As a major winter snowstorm was ending, my companion who was visiting from New York and I headed for Northlight Theatre in Skokie to see Black Pearl Sings. It was well worth braving the elements. Under the direction of Artistic Director BJ Jones and Executive Director Timothy J. Evans, written by Frank Higgins, directed by Steve Scott, this powerful new play features Northlight favorites E. Faye Butler (Jeff Award-winner for Northlight’s Ella and Dinah Was) and Susie McMonagle (Northlight’s Snapshots, national tour of Billy Elliott and Mamma Mia!).
This is a Depression-era story of two extraordinary women who are dependant on one another to reach their goals. Susannah is a song collector for the Library of Congress who overhears Pearl singing in a Texas prison where Susannah is trying to find songs that slaves sang when coming to America from Africa. Does Pearl hold the key to Susannah’s goal of attaining the university position she has been coveting? Pearl's singing is deeply moving and Susannah pulls every string possible to obtiain her prison release in order to introduce this woman with the silky voice and steely spirit to the world.
E. Faye Butler’s portrayal of Alberta “Pearl” Johnson was riveting. Her singing is outstanding and even without a powerful, insightful, and emotional play, the singing would have made the evening worthwhile. But the play is movingi, suspenseful, emotional and humorous. Susannah Mullally (Susie McMonagle) is from a wealthy New York Irish family. She is repressed, brilliant and very ambitious. She goes to all lengths to prove to Pearl (E. Faye Butler) that she, an educated, wealthy white woman can be trusted by her. Pearl, who we first meet in ball and chain, is poor, black, uneducated and untrusting. Their interactions are perfectly portrayed.
Playwright Frank Higgins based this play on the story of musicologist John Avery Lomax and guitarist Huddle “Lead Belly” Ledbetter, a true depression-era story.
Playwright Frank Higgins wrote female characters and comments, “My idea was to change the characters’ gender and let them tell their own stories rather than trying to hammer historical round pegs into theatrical square holes. These are two women who come from two totally different traditions, both musically and culturally. When listening to the songs, we are listening to the souls of two great traditions which have come together here in America.”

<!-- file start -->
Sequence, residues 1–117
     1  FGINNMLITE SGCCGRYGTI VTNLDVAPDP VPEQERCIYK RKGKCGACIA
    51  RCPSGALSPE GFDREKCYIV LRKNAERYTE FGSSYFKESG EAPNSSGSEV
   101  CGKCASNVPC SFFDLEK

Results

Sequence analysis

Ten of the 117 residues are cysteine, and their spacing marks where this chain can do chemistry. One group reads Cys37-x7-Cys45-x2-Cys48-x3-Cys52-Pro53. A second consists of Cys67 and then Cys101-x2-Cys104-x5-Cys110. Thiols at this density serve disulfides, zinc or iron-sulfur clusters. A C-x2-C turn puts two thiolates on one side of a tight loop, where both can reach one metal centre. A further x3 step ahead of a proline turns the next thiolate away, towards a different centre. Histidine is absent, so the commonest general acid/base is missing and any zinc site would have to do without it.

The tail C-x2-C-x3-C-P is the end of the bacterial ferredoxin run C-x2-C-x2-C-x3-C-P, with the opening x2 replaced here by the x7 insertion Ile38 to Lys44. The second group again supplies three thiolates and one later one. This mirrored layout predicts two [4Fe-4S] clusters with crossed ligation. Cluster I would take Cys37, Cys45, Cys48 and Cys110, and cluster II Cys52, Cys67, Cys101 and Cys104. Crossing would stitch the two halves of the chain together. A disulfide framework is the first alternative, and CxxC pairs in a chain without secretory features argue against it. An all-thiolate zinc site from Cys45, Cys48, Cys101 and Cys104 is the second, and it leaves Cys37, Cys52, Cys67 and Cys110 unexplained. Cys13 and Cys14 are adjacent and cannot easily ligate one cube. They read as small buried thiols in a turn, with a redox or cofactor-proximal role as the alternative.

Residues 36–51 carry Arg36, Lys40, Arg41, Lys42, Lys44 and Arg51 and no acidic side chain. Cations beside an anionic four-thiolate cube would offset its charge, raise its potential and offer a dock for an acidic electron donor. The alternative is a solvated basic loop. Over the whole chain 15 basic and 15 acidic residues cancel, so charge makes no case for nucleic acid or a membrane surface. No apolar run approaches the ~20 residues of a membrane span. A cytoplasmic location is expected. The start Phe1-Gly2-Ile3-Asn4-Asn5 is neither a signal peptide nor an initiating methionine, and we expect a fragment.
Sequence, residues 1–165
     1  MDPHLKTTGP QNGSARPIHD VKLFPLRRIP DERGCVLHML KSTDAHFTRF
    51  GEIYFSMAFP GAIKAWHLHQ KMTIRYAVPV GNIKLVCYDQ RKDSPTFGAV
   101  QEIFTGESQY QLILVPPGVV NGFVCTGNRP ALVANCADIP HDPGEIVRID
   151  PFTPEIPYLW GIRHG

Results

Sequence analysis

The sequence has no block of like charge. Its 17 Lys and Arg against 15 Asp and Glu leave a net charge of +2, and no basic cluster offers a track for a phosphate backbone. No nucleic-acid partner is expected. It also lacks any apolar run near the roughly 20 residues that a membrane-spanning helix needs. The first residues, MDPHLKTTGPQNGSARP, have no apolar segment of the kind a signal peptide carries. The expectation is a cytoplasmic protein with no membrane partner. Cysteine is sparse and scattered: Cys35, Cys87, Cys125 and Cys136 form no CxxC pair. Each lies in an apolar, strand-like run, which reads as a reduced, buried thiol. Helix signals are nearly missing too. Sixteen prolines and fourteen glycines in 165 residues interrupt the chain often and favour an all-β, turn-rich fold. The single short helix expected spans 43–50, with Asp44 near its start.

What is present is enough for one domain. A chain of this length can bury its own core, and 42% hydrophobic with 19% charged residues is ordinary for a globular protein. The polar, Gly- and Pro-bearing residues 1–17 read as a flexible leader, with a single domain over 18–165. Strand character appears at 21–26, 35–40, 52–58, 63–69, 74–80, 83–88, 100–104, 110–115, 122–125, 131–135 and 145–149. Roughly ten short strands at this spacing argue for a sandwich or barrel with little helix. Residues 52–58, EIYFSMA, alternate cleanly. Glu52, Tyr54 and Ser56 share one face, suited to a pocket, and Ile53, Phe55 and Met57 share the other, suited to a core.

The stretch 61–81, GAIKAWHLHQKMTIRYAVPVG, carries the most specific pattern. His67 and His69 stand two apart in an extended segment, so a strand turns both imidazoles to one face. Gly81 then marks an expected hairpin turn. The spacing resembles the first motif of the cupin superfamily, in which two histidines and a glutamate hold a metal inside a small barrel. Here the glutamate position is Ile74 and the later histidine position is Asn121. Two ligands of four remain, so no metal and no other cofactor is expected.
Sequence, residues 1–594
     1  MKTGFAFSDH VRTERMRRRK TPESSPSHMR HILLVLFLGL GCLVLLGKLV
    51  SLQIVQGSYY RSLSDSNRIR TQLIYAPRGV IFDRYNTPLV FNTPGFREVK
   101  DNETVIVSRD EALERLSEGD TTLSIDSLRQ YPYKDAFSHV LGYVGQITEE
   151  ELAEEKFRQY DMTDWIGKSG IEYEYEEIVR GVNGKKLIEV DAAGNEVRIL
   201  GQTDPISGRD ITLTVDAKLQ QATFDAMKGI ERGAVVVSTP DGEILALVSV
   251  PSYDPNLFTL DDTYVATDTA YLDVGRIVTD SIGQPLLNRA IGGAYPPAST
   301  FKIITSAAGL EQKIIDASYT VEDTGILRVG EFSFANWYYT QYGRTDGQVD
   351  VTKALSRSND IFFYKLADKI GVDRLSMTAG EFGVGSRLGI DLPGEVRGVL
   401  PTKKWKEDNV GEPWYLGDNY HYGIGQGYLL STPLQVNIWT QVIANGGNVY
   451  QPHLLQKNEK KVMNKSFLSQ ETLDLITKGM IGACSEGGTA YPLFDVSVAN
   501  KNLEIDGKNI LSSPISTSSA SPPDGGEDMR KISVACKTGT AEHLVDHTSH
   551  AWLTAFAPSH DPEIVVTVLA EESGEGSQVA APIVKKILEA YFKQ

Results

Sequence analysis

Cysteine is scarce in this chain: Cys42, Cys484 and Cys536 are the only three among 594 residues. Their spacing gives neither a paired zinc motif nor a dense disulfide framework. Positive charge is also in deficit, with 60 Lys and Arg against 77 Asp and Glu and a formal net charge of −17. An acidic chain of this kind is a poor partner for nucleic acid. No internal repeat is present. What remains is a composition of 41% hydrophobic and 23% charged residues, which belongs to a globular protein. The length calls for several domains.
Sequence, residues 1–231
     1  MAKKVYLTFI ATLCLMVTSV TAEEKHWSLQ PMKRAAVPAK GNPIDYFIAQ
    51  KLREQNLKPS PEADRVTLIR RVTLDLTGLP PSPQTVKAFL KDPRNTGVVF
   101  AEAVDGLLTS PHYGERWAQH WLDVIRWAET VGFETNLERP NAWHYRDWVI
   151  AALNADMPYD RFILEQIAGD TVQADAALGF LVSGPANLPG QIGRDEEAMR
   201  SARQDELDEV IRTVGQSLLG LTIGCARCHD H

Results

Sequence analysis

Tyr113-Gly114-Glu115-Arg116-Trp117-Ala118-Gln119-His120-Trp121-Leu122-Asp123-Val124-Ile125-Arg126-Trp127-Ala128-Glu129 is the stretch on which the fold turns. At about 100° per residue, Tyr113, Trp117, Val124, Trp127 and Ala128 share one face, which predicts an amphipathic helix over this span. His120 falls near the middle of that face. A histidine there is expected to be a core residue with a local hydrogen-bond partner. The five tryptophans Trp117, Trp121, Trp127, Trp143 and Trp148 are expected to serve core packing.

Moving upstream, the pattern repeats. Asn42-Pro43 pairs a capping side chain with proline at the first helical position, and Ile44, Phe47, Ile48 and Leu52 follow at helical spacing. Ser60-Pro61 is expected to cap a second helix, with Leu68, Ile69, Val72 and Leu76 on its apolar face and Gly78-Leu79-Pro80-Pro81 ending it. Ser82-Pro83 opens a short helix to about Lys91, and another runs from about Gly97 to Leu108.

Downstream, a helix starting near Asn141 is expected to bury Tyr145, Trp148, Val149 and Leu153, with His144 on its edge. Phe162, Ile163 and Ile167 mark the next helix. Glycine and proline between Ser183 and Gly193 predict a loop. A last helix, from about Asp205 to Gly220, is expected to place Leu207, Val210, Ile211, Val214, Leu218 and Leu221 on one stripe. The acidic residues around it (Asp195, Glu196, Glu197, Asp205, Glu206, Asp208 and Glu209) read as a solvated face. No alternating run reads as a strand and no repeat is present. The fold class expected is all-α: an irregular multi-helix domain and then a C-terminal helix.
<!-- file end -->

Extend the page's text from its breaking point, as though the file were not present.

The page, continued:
The designers are Jack Magaw (Set Design), Emily McConnell (Costume Design), Sarah Hughey (Lighting Design) and Christopher Kriz (Sound Design) are all to be commended.
Jazz vocal artist Maggie Brown is the music consultant for Black Pearl Sings! and consulted on the authenticity of the range of music styles in the production—among them Gullah, and rare African American traditional and folk songs.
Watching the change in Pearl from the beginning to the end of the play was an enriching experience, which my companion from New York and I, thoroughly enjoyed. We strongly recommend this wonderful evening of theatre to Chicago Splash Magazine readers and friends.
Tickets for Black Pearl Sings!, $25-60, are available by phone at 847.673.6300, or online at northlight.org. Young Adult tickets (25 and under) are $10 (one per person with valid ID).
The Box Office is located at the North Shore Center for the Performing Arts, 9501 Skokie Boulevard, in Skokie. Box Office hours are Monday-Friday 10:00am-5:00pm, and Saturdays 12:00pm-5:00pm. On performance days, the box office hours are extended through showtime. The Box Office is closed on Sundays, except on performance days when it is open two hours prior to showtime.
Curtain times are: Tuesdays at 7:30pm (no show January 24 and 31 & February 14); Wednesdays at 1:00pm (no show February 1) and 7:30pm (no show February 8); Thursday at 7:30pm; Fridays at 8:00pm (except Opening on January 20, at 7:30pm); Saturdays at 2:30pm (no show January 14) and 8:00pm; and Sundays at 2:30pm and 7:00pm (no 7:00pm show on January 22 and 29 & February 19).